Ervin Lázár is the creator of a genre we may safely call
Central European folk surrealism, which takes on the quality of a
hallucinatory exploration into that part of the soul where beauty, hope,
and yearning live in close proximity with the harsh realities of life.
Just on its title alone many Hungarian readers in 1976 (and since) must have been puzzled by László Fábián's first short novel, an astonishingly rich growing-of-age tale, told in a persuasively poetic manner.
László Krasznahorkai is not a fashionable writer. He is marching directly against what the age is about: that literature should become part of the entertainment industry. He is failing to adapt smoothly to what is going on. This art is powerfully pitched against the intention to skim through life laughing or just sticking it out as best you can without taking any particular risk.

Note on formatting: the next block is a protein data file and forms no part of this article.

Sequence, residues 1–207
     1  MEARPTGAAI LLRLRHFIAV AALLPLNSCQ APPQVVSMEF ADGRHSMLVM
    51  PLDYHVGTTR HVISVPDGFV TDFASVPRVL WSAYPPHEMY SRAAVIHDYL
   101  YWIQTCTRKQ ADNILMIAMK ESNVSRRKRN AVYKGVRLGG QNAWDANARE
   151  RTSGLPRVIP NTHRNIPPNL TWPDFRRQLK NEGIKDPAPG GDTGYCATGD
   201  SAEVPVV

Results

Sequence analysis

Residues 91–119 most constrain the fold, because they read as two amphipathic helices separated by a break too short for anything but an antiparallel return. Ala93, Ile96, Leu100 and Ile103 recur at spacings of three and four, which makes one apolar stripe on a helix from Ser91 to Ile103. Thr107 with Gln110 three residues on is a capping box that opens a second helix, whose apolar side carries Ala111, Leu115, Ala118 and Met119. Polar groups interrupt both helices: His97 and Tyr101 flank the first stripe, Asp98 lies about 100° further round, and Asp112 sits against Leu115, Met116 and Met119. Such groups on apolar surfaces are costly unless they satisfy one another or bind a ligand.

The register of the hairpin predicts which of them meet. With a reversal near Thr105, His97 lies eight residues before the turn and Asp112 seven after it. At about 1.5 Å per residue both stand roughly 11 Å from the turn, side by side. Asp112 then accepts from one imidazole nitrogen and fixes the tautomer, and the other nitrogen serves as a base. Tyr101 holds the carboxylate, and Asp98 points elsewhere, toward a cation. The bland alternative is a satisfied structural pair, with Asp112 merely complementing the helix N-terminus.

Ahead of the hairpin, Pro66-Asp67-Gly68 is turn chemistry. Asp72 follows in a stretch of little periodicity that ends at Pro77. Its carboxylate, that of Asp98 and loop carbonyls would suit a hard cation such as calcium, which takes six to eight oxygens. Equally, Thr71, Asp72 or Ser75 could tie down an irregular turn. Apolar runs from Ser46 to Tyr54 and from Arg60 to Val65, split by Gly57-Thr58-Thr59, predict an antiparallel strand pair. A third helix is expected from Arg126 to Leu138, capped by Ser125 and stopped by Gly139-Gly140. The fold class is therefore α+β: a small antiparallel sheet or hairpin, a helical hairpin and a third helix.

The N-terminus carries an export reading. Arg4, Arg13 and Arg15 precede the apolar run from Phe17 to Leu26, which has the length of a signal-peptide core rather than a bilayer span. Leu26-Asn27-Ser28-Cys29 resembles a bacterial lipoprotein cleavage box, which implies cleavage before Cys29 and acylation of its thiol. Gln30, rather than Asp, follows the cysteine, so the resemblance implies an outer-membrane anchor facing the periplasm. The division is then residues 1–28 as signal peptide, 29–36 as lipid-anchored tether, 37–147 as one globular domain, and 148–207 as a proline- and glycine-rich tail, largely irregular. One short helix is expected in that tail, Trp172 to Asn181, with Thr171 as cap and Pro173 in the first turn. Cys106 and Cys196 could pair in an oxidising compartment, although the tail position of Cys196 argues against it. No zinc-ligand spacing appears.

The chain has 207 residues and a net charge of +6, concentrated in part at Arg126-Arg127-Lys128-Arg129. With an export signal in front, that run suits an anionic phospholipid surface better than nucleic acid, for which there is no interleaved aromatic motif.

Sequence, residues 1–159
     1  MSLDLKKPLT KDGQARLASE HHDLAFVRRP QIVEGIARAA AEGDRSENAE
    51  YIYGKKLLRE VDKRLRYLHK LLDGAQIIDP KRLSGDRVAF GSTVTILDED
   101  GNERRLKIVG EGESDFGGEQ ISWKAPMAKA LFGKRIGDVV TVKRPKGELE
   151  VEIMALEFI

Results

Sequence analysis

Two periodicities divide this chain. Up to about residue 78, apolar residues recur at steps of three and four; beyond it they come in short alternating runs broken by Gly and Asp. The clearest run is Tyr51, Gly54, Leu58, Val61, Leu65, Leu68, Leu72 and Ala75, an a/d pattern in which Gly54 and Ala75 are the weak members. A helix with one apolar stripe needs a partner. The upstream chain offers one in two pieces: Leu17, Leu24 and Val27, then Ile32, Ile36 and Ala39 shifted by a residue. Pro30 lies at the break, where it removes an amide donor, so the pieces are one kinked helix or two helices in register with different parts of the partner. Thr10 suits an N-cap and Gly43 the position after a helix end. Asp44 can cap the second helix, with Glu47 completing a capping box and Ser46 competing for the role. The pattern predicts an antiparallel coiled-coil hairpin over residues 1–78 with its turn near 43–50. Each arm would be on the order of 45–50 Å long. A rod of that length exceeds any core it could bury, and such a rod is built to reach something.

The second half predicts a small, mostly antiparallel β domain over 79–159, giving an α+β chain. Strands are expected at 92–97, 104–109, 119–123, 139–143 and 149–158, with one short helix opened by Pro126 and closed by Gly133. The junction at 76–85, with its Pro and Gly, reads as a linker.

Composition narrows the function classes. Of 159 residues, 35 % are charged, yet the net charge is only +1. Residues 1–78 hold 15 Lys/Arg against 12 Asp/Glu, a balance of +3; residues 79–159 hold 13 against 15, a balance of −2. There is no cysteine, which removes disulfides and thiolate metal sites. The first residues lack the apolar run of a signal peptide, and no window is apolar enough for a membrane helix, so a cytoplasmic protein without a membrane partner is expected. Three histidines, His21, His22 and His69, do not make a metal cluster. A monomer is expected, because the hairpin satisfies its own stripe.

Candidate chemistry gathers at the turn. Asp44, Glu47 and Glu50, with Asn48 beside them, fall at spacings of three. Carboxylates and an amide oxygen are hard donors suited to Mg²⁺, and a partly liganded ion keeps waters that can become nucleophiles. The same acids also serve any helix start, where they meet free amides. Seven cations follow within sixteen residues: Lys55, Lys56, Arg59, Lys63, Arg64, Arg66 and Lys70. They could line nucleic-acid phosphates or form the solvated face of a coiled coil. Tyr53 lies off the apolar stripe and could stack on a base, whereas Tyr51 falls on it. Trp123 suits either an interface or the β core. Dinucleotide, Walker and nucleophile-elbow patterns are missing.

"This has always been a peculiar place. The tram pulled into the valley’s jaws, running, running on a thinning path, then a hill-side leapt up against it, and then the tram stopped. Chasm. An unincreasable final stop."
Writer-director-actor Béla Pintér occupies a unique role as impressario in Budapest's alternative theatre scene. His signature blend of music and movement, traditional and modern theatre techniques makes each of his one-act shows an unpredictable and memorable experience.